Abdulrazak Gurnah’s search for home

In the Nobel Prize-winning writer’s novels, migration is a process in which ordinary people are caught between the memory of violence past and present. For some, healing is possible.

On the night of 11 January 1964, one month after Zanzibar gained independence, the Arab sultan and his elected constitutional government were overthrown by forces claiming to represent the African racial majority. There were reprisals and pogroms against Arabs and South Asians, resulting in the death of around 20 000 people. 

Zanzibar’s much vaunted cosmopolitanism came face to face with the repressed memory of slavery and the slave trade. It had been one of the main slave trading ports and in the 19th century about 50 000 slaves passed through the slave markets here. The new rhetoric pitted the African against the Arab.

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Abdulrazzak Gurnah, of Arab heritage, fled Zanzibar in 1967 to England along with his brother, to land in the middle of racial hatred in a country coming to terms with imperial decline and its increasing irrelevance. In 1968, Enoch Powell was to make his infamous rivers of blood speech as he predicted a violent and sanguinary future for Britain with what he and other conservatives saw as a rising flood of immigrants. 

Gurnah’s oeuvre reflects these histories of the Indian Ocean world, colonialism, migration, violence and race. What does it mean to belong somewhere, and does the migrant live a life that can only be about coping, with a persistent memory of violence past and present?

Migration as a process

In Gurnah’s novels, migration is not a single act. It is an ongoing process with individuals constantly caught between worlds, bearing the scars of former degradation and continuing secrets. It is a state of suspended animation, and as Hannah in The Last Gift, lashes out at her mother, why do these “vile, immigrant tragedies” continue to haunt people? These are ordinary people without tremendous psychic resources, who muddle through and there is the promise of redemption that lies in suggestions of a life beyond the space of the novel. Gurnah leaves open windows in each of his novels suggesting possibilities of healing through return, new meetings and possible resolutions. However, return too is fraught with the possibility of disillusionment as much as a sense of not fitting in. 

In Gurnah’s Admiring Silence as much as By the Sea what the returning migrant is confronted by is a sense of unbridgeable distance, born as much out of estrangement as the guilt of leaving. In the former novel, the presence of persistently blocked toilets becomes a metaphor for the stagnation as much as the squalor of the postcolony. The central character in Admiring Silence lies to his white partner about his country and himself to win for himself a sense of self-esteem as much as to solicit affinity. It is his way of managing and of coping.

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There is no bedrock here, no haven from the heartless world. Families are fragile entities and consist as much of inner tensions as the fact that one belongs to them contingently. One may be taken in as a foundling, and subject to an authoritarian patriarch. On the other hand, as Gurnah says, “even love can be crushing”, as families make demands on individuals; fierce chains of required loyalty or obedience bind one. Menace attends every moment, and the child is the prime candidate for prospective violence. So too the young women, who are manipulated and begin to acquire a mere “mercantile worth”.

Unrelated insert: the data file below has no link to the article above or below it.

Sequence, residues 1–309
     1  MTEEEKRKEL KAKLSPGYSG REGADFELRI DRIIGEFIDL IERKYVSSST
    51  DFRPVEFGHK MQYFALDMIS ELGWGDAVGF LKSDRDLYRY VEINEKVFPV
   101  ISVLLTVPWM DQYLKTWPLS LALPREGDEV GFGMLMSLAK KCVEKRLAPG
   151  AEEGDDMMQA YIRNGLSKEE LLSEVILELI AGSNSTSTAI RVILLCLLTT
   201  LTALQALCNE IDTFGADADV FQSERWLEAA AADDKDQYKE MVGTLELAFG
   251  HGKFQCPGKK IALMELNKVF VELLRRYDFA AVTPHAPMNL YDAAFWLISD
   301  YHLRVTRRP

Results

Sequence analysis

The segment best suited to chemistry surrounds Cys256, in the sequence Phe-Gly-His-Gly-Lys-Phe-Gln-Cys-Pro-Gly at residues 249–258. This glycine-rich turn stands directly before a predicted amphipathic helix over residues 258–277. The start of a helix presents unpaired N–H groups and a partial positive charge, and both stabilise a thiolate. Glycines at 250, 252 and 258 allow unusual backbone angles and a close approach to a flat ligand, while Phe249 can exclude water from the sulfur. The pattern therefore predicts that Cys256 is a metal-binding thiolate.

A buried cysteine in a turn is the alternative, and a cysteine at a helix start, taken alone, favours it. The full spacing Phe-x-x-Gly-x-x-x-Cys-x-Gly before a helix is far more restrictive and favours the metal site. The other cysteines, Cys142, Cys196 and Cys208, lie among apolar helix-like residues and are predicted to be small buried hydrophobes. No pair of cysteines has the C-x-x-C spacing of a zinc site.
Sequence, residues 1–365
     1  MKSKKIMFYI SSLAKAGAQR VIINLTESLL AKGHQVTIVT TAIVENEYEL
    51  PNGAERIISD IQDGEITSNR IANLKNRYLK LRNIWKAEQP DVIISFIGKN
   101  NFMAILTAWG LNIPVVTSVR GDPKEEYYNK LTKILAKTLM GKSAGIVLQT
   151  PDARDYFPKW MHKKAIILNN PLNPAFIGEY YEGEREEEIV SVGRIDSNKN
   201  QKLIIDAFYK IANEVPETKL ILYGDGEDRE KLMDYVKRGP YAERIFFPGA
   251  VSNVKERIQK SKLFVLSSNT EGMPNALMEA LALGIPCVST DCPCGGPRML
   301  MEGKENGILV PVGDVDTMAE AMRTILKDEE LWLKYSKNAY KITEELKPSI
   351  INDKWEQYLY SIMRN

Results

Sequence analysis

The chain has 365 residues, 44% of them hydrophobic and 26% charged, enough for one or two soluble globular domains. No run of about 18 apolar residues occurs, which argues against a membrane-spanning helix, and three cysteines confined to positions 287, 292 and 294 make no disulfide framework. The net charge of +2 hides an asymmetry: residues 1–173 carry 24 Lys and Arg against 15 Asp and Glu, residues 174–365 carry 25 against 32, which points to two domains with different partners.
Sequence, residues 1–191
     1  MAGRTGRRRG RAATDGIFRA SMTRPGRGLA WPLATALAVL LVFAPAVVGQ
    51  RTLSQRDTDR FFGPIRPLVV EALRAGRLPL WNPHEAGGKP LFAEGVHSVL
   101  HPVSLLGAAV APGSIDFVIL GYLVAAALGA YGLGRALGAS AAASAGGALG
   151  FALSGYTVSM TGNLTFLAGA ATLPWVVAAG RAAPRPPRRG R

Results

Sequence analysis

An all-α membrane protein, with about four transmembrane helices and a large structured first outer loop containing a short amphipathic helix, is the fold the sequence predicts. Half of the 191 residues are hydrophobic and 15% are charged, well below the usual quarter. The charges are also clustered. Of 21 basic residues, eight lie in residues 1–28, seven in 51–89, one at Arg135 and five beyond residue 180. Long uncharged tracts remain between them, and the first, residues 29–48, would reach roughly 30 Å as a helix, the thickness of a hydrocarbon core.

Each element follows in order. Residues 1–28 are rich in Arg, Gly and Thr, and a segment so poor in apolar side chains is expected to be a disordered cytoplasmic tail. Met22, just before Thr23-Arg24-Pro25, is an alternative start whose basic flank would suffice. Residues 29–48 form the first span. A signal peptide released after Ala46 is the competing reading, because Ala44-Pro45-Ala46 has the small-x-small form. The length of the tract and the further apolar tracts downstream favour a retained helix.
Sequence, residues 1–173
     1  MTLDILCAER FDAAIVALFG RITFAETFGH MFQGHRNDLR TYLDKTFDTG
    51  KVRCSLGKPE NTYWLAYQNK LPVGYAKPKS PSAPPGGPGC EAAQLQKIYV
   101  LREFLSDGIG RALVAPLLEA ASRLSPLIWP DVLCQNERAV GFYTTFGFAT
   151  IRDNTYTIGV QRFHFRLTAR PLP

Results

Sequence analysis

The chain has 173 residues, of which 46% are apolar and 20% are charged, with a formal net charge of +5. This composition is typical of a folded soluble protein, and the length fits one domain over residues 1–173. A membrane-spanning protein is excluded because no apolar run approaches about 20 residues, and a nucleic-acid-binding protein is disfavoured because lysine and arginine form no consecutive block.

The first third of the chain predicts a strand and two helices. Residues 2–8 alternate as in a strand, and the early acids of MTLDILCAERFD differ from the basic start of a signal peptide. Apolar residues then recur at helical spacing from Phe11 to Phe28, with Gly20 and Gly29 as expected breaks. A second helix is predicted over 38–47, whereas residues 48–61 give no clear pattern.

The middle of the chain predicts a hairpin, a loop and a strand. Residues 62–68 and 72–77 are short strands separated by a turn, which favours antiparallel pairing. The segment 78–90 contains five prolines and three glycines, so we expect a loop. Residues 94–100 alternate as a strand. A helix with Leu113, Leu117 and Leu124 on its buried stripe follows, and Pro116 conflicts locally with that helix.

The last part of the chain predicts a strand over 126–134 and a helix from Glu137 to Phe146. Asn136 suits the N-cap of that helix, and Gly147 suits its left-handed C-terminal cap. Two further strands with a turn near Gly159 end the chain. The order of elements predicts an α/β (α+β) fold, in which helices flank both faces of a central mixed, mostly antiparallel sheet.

In Departure, the childhood of the protagonist is short and brutal. In Dottie, the eponymous character “comes through” but her siblings do not. Yusuf in Paradise survives, but luck matters as much as individual resilience or resourcefulness. There is none of the sentimentality associated with bourgeois fiction of the family as a unit which despite all its problems provides a space of return. There is no there there, as Gertrude Stein might have said, in Gurnah’s world of immigrants.

Colonialism’s lasting impact

The Indian Ocean world impinges on the consciousness of characters in which being Muslim is less about religion and more about a cultural cosmopolis – the world of Arabian Nights and tales of the trickster Abu Nawas. It is a world that takes in Palestine, the Swahili coast from Somalia to Mozambique, and Aden, Kerala and Bombay. Madagascar, an African island, seems to belong to another planet in this world determined by monsoon winds and historical networks. The Indian Ocean is both vast as well as familiar in its micro-worlds. Colonialism impacts on this world and creates new hierarchies and disruptions. 

In Afterlives, we get a parable from a German colony in southern Africa during World War I. We know by now that colonial wars involved the large-scale carnage of colonial troops from Africa and Asia and mawkish European invocations of Ypres and Flanders usually forget this fact. An oberleutnant develops an affinity for Hamza, his orderly, and tries to civilise him through cultivating a love for Friedrich Schiller’s poetry. This misguided humanism is rooted in the hardness of racial difference and the impossibility of friendship between unequals. As Gurnah shows, the ideological mindset of superiority can only exude condescension, not affinity.

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Abbas in The Last Gift has the sense of coming from a tiny place, he remains frightened of the world with its vastness. This sense of men from small places trying to find a home in the world is a theme that runs through Gurnah’s novels. However, despite the scars, the memories of violence and the fragility of relations, they come through in the end.

This article was first published by Indian Express.

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